The best indicator of the continuing power of the Wayne mystique, though, is this: According to a Harris poll released in January, Wayne ranked third when moviegoers were asked to name their 10 favorite movie stars — even though he’s been dead since 1979 and appeared in his final movie in 1976! (The other nine on the list are very much alive: No. 1 Denzel Washington, No. 2 Tom Hanks, Julia Roberts, and Will Smith among them.)
As Time magazine film critic Richard Corliss pointed out in a recent essay, Wayne has made the Harris list in each of the 13 years it has been taken, and has been in the top three eight times. ‘‘It’s as if the People’s Choice Awards kept picking Elvis as favorite singer,’’ Corliss marveled.
But then paradox is nothing new when it comes to John Wayne. The seeming picture of hulking authenticity, he wore a toupee and four-inch lifts in his shoes, and underwent plastic surgery around his eyes in the 1960s. His real name was Marion Michael Morrison, but he took the name John Wayne at the beginning of his movie career.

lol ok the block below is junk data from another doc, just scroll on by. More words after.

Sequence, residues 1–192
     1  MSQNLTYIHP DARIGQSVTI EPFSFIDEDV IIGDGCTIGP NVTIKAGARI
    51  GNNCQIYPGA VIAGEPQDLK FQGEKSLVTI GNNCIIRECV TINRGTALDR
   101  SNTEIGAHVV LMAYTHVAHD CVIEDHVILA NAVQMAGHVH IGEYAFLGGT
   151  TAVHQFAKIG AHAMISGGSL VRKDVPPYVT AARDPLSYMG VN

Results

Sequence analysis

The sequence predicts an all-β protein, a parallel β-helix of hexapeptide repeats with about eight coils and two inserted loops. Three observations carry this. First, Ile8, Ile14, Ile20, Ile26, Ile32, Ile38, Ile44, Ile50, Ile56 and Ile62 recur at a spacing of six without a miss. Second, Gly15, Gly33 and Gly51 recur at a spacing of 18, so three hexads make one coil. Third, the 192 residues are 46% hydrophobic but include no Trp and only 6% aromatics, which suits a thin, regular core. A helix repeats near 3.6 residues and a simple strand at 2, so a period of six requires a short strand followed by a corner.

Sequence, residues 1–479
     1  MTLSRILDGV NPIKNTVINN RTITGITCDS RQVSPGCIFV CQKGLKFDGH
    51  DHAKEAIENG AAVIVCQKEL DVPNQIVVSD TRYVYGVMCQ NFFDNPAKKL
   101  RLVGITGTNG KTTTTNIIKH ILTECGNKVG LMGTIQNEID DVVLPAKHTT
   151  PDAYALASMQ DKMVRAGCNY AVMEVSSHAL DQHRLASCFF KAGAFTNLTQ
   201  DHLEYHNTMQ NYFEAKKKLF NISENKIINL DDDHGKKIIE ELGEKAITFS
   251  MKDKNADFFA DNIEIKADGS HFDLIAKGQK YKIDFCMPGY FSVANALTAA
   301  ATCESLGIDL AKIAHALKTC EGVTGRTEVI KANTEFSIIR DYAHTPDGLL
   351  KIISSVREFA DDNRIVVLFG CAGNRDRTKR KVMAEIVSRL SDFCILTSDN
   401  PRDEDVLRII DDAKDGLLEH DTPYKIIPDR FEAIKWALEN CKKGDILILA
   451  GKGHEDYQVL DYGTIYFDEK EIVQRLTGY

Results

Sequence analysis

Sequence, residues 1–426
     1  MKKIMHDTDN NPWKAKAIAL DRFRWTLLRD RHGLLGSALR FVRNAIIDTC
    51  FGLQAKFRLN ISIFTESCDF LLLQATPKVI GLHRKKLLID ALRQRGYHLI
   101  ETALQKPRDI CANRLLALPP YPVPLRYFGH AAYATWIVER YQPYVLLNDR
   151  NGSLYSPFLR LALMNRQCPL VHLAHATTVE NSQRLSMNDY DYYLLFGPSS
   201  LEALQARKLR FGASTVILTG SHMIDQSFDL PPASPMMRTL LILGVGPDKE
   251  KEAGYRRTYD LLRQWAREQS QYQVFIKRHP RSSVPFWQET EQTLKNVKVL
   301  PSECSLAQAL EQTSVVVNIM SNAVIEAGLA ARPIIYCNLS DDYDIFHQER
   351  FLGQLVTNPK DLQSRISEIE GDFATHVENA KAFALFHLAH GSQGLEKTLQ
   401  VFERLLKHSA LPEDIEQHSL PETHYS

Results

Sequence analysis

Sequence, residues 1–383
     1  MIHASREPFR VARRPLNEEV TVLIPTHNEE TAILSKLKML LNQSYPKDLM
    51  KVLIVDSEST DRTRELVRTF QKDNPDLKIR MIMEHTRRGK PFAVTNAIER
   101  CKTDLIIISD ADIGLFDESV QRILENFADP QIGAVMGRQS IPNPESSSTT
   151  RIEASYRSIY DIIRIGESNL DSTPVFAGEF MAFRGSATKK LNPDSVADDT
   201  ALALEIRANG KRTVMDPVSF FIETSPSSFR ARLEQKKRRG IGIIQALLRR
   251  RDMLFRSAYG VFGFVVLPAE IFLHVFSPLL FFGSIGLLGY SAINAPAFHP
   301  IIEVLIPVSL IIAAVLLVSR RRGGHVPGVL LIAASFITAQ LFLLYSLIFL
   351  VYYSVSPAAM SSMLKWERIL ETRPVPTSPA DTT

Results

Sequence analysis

He played the hero in countless war films but never served in the military himself. (He got a deferment during World War II.) He epitomized old-fashioned cowboy masculinity in films from ‘‘Stagecoach’’ to ‘‘The Shootist,’’ but he also was willing to mock his own image, dressing up as the Easter Bunny in a 1972 episode of ‘‘Rowan & Martin’s Laugh-In.’’
The bottom line is that he remains as popular (and influential) as ever. You don’t have to watch Wayne’s own movies to see his onscreen legacy: His monosyllabic persona made the screen safe for tough-and-terse successors ranging from Clint Eastwood to Harrison Ford to Russell Crowe.